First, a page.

Jamaican-born reggae artist Kingly T has worked earnestly to amass an Indianapolis following for his conscious roots sound since his arrival in the Hoosier state in 2003. With the release of his fourth LP Life in the City, Kingly T is launching his most ambitious campaign yet to lure the ears of Indiana music fans to his classic reggae grooves. That push includes an album release party happening at The Melody Inn on Sunday, December 6.

I spoke with Kingly T at WFYI's studios in downtown Indianapolis. Kingly T is reserved and introspective in conversation, preferring to let his songs speak for him, so be sure to catch some samples of Kingly T's songs on the radio version of Cultural Manifesto. Tune in this Wednesday evening at 9 on 90.1 to hear the full interview.

NUVO: I know you're originally from Jamaica. Music has become such a defining element of Jamaica's national character and global image. Was music part of your life from an early age?

Kingly T: I grew up in Kingston, Jamaica. I grew up around instruments. My father was a musician and he used to have instruments all around us. He played banjo and the bamboo flute. Music is in my blood. He didn't do music professionally, he was a pastor. But he loved to play music. He'd call all our family together and say, "Let's jam."

NUVO: When I think of Jamaican music and banjos I think of mento, which is a Jamaican folk music that was very popular on the island before the advent of ska, rocksteady and reggae.

Kingly T: Yeah and my father was good at the mento thing.

NUVO: Aside from your family jam sessions, what were you listening to while growing up?

Kingly T: When I was a kid I listened to Bob Marley. It was inspirational for me. At that time, Jamaican people didn't gravitate toward the music of Bob Marley on a big scale. It was not until he died that Jamaican people recognized how big Bob Marley was. I liked music that was conscious. I liked music with a message.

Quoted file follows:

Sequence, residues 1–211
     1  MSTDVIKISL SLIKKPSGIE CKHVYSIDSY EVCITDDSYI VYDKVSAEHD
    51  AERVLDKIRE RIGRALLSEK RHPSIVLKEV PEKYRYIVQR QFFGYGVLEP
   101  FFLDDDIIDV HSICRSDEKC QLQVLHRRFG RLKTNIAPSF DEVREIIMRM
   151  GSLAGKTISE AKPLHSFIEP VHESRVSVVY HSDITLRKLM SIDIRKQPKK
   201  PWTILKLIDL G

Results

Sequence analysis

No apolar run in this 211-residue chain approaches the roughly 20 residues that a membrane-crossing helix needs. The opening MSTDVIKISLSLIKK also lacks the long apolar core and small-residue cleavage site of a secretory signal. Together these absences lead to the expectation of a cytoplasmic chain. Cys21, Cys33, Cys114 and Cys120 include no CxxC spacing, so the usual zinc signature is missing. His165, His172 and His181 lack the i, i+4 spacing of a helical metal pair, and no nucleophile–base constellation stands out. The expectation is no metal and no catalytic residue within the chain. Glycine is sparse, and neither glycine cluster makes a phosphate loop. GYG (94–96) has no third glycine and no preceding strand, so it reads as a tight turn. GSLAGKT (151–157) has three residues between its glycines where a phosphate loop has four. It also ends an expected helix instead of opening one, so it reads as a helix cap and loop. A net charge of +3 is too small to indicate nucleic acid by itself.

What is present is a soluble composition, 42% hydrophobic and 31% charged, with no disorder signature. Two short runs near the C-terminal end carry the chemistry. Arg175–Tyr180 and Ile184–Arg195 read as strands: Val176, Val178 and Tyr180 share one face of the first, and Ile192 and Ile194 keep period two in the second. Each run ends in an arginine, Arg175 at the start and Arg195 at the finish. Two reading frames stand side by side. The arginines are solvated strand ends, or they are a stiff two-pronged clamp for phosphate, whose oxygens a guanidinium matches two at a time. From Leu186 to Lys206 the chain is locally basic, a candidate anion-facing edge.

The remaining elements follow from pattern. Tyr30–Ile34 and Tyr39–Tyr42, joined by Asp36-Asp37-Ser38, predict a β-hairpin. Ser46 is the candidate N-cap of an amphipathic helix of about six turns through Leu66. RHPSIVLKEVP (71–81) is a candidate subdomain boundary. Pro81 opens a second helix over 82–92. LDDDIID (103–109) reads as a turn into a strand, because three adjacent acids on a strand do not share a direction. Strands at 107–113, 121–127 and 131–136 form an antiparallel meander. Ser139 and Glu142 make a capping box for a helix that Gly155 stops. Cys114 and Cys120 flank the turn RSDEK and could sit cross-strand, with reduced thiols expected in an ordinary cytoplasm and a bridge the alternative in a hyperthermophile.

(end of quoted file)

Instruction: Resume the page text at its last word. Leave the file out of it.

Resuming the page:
NUVO: You mentioned that your father was a pastor. Did your embrace of reggae music's Rastafarian culture bother your parents?

Kingly T: They didn't understand it. Christians think differently than Rastafarians, even though we're pretty much the same.

NUVO: You attended the Jamaican School of Music as a young man. When did you decide that you wanted music to be more than a hobby in your life?

Kingly T: Once I left the Jamaican School of Music I went to the North Coast of Jamaica in Negril. I was recruited for a band by Hopeton Hibbert who is the son of Toots Hibbert from the Maytals. He came and recruited me as a guitarist for a band down in Negril. So I took off to Negril to join the band. After that I toured Japan for six months, I also toured in the Caribbean and Mexico. The rest has been music all the way.

NUVO: You came to Indianapolis in 2003. What brought you to the Hoosier state?

Kingly T: Well, sometimes a woman plays a part in decisions. [laughs]

NUVO: OK, understood. What were your initial thoughts of Indy? Did you get a sense this might be a good place for your music?

Kingly T: I thought it was cold here. [laughs] I always have a problem when the winter comes around. It's really a struggle with the reggae music here. I've been trying with it for years. I know people here love reggae music. But the people who are in charge don't give reggae enough of a chance.

NUVO: I know you're hoping that trend will change with the upcoming release party at Melody Inn for your album Life in the City. Tell us about the album.

Kingly T: It's a mixture of lovers rock and conscious reggae. There's one song called "Cool Down" track that I'd put in the dancehall category. It's a refreshing album for listeners of who appreciate all styles of reggae music. 

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Kyle Long pens A Cultural Manifesto for NUVO Newsweekly and in 2014 began broadcasting a version of his column on WFYI.